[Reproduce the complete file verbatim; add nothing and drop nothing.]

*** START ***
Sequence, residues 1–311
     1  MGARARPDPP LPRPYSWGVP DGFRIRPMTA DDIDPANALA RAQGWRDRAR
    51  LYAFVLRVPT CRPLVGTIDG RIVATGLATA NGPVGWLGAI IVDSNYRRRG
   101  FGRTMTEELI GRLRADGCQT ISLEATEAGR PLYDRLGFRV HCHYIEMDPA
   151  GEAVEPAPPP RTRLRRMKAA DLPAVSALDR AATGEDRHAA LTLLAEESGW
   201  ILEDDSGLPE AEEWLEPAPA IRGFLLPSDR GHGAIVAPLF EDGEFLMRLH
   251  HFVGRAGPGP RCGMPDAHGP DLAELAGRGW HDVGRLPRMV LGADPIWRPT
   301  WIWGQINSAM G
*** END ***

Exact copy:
Sequence, residues 1–311
     1  MGARARPDPP LPRPYSWGVP DGFRIRPMTA DDIDPANALA RAQGWRDRAR
    51  LYAFVLRVPT CRPLVGTIDG RIVATGLATA NGPVGWLGAI IVDSNYRRRG
   101  FGRTMTEELI GRLRADGCQT ISLEATEAGR PLYDRLGFRV HCHYIEMDPA
   151  GEAVEPAPPP RTRLRRMKAA DLPAVSALDR AATGEDRHAA LTLLAEESGW
   201  ILEDDSGLPE AEEWLEPAPA IRGFLLPSDR GHGAIVAPLF EDGEFLMRLH
   251  HFVGRAGPGP RCGMPDAHGP DLAELAGRGW HDVGRLPRMV LGADPIWRPT
   301  WIWGQINSAM G